The Delta

Sacramento and the Deep Water Ship Channel:

Completed by the United States Army Corps of Engineers in 1963, cargo ships access the Port of Sacramento through San Francisco Bay and passage up the Sacramento River using this  Sacramento deep water channel which is 43 miles long with an approximate depth of 30 feet and areas up to 200 feet wide . The Port of Sacramento is used for the export of bagged and bulk rice. Construction materials such as cement, lumber and fertilizer make up a great deal of the Port’s cargo volume. The Port is also used for the importation of large project cargo such as wind power generation equipment.

Northern Delta:

Joining the Sacramento River just above Old Sacramento is the American River. Together they wind through the Delta and pass lovely little river towns such as Freeport, Clarksburg, and Courtland. These burgs and their quiet streets offer leisurely strolls to visitors.

There is also historically rich Old Sacramento, where Sutter established his Embarcadero and where Pony Express riders made their last westward stop; from there, the mail went by steamer to San Francisco.

Little changed from the days of the Gold Rush, Old Sacramento offers modern delights also: several dozen fine restaurants, gift shops, apparel, and out on the wharf, a memorable marketplace that sells fresh vegetables and fruits.

Over Memorial Day Weekend Old Sac’ is alive with the Dixieland beat during the four-day Sacramento Jazz Jubilee. A historical experience itself, driving down Hwy.160, visitors can refresh themselves with views of stately old homes surrounded by grand pear-tree orchards.

Central Delta:

There is a country flavor to the Sacramento River towns of Locke, Walnut Grove, Isleton, and Rio Vista. Agriculture is important here. And in areas behind Locke and Walnut Grove, there are great anchorage and wildlife areas. Hwy. 12 goes through here and assures access to the resorts near islands such as Andrus and Brannan. On east over Little Potato Slough drawbridge at the ghost town Terminous, the highway takes visitors to the historic communities of Lodi and Woodbridge, also noted for fine wines and vineyards.

Many resorts beckon from Andrus Island’s Delta Loop, and at Terminous, Tower Park has approximately 400 RV sites and facilities. Perhaps the prettiest of the many pretty Delta towns may be Rio Vista; its backdrop is the Montezuma Hills, and nearby waters find anglers hoping for catches of striped bass.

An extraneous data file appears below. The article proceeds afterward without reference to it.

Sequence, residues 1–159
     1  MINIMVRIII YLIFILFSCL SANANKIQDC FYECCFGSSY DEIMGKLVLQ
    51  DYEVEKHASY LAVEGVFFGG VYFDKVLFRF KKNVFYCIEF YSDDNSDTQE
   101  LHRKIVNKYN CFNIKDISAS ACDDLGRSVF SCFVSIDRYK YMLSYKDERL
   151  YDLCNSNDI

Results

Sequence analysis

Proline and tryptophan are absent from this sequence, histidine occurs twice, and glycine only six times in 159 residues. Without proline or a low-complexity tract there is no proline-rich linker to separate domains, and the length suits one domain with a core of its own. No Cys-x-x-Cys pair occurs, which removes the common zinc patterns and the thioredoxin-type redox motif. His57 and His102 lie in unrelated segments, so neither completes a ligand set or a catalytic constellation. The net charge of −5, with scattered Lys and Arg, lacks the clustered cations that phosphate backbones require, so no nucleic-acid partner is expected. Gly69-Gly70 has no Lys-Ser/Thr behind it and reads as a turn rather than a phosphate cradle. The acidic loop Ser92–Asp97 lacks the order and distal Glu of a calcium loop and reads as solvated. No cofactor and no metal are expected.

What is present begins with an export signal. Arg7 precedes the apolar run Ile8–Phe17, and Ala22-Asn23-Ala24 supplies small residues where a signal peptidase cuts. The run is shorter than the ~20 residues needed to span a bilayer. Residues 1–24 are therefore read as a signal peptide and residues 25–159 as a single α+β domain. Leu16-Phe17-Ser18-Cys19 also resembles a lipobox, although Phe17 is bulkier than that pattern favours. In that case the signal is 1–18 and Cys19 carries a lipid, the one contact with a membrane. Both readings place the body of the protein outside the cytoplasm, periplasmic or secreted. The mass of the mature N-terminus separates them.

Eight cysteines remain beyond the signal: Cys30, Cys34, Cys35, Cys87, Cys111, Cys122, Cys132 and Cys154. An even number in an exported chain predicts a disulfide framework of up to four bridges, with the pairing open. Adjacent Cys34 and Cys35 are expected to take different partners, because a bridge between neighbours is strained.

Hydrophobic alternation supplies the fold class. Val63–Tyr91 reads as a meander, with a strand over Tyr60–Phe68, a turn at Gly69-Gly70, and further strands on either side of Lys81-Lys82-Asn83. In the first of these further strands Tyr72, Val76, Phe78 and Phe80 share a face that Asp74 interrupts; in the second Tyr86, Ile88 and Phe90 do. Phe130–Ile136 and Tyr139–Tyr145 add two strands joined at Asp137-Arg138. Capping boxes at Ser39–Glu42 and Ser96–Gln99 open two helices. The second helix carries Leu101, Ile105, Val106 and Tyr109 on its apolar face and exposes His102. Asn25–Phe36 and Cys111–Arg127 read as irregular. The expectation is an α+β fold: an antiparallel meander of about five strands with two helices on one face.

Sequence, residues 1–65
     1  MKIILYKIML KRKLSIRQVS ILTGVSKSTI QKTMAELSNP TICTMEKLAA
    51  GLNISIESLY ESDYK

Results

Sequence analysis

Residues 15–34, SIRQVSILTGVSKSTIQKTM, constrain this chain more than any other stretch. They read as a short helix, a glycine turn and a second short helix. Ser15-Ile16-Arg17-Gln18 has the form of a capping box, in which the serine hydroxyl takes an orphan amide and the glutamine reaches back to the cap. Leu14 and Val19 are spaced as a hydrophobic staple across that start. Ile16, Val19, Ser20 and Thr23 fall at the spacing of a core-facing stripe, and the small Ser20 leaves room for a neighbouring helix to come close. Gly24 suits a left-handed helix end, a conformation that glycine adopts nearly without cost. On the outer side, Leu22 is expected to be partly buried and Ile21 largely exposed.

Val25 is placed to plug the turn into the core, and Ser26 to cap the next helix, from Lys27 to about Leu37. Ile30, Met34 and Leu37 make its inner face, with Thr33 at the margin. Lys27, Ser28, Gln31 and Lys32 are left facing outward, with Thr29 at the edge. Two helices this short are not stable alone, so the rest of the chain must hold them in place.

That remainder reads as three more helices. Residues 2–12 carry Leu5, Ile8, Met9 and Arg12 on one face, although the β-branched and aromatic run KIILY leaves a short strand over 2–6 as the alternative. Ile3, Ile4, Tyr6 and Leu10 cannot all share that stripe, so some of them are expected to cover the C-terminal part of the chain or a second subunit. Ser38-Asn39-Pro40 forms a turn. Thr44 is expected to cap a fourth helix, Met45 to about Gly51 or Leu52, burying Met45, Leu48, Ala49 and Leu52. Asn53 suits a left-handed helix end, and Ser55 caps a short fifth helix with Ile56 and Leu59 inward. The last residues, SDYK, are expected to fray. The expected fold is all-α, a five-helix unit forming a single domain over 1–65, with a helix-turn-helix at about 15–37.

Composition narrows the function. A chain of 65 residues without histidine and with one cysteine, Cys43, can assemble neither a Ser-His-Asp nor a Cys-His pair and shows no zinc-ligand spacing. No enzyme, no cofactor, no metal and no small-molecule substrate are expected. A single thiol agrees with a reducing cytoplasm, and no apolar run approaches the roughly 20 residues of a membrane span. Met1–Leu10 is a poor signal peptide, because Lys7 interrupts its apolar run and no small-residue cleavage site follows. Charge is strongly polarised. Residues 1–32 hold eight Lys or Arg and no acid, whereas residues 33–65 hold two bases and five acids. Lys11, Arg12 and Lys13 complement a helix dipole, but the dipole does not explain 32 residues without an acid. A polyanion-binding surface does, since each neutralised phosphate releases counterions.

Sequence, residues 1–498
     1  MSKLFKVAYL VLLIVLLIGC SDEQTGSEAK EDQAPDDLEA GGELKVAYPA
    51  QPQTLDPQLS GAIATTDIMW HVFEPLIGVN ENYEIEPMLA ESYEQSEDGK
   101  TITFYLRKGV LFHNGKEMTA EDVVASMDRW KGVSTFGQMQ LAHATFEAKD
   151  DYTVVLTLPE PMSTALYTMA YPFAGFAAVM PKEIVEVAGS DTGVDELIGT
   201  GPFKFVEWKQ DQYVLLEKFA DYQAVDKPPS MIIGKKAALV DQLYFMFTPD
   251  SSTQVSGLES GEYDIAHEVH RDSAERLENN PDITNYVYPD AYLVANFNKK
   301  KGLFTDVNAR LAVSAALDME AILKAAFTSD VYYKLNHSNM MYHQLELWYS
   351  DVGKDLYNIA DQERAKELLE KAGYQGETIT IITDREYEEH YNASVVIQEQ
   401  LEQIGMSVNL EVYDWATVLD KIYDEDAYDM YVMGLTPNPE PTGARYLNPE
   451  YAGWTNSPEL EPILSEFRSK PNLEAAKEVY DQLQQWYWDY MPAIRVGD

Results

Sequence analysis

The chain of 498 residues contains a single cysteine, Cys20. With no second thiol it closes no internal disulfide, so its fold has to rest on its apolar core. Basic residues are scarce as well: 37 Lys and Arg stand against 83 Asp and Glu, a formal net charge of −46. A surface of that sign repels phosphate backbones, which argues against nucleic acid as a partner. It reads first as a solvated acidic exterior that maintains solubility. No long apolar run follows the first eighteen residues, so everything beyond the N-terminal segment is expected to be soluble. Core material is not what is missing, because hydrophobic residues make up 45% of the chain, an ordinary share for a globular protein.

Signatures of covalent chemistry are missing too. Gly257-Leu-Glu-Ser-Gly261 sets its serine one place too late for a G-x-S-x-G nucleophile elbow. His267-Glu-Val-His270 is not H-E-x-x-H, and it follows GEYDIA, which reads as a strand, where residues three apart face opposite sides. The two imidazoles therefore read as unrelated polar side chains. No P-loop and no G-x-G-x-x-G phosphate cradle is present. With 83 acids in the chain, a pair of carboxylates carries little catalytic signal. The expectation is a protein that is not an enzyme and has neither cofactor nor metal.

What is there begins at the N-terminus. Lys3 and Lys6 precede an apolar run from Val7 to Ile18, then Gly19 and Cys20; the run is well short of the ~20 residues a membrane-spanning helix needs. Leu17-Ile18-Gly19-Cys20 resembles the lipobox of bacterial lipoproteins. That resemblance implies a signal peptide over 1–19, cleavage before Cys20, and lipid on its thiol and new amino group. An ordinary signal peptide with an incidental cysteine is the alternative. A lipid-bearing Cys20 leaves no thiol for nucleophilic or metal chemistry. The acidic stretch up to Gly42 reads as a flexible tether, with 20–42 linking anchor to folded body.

“Crawdad Town U.S.A.” is Isleton. But it was also once called “Little Paris of the Delta.”

There is truly something for everyone – from Disappointment Slough to Georgiana Slough – in the 1,000-mile Delta.

Western Delta:

Waterfront living is a way of life in the western part of the Delta – in Brentwood, Oakley, and Discovery Bay. It is an easy, cultivated pace of living.

Bethel Island, the largest, depends on tourists, boaters, RVers as its “cash crop.” Recreational facilities abound here.

Western Delta

Waterfront living is a way of life in the western part of the Delta – in Brentwood, Oakley, and Discovery Bay. It is an easy, cultivated pace of living.

Bethel Island, the largest, depends on tourists, boaters, RVers as its “cash crop.” Recreational facilities abound here.

Both black and striped bass are popular catches in the Western Delta, and if waterskiing is your preference over angling, some of the finest waters for the sport are here.

Gateway to the Delta is the huge Antioch Bridge. Beyond, windsurfers delight in Sherman Island waters.

The annual Seafood Festival in Pittsburg is a reminder that one it was home to commerical fishermen and canneries. The festival includes significant offshore boat races.

Orchards where visitors can pick the fruit themselves and acres of nut trees are reminders of the Western Delta heritage.

Southern Delta

Both busy and sleepy is the Southern Delta. There are large island farms, including those that produce the famous asparagus crops. And there is boating. Stockton hosts freighters from around the world and also has a myriad of marinas and resorts. Delta houseboat fleets are nearby, and the island is headquaters for approximately a dozen boat and yacht clubs.

Anglers celebrate the many prize-winning lunker black bass taken here during tournaments and waterskiers and wakeboarders boast that the waters here are the best there are.

Lost Isle, where mail is delivered by boat,  is noted for its Mai-tais.
McDonald Island is known for its crops of Delta Bluegrass Sod used for lawns and pro-baseball fields.

A Few Delta Websites

Delta Protection Commission
California Delta Chambers & Visitors Bureau
Interactive Guide To The San Joaquin Delta
Delta Boating
Snug Harbor’s California Delta
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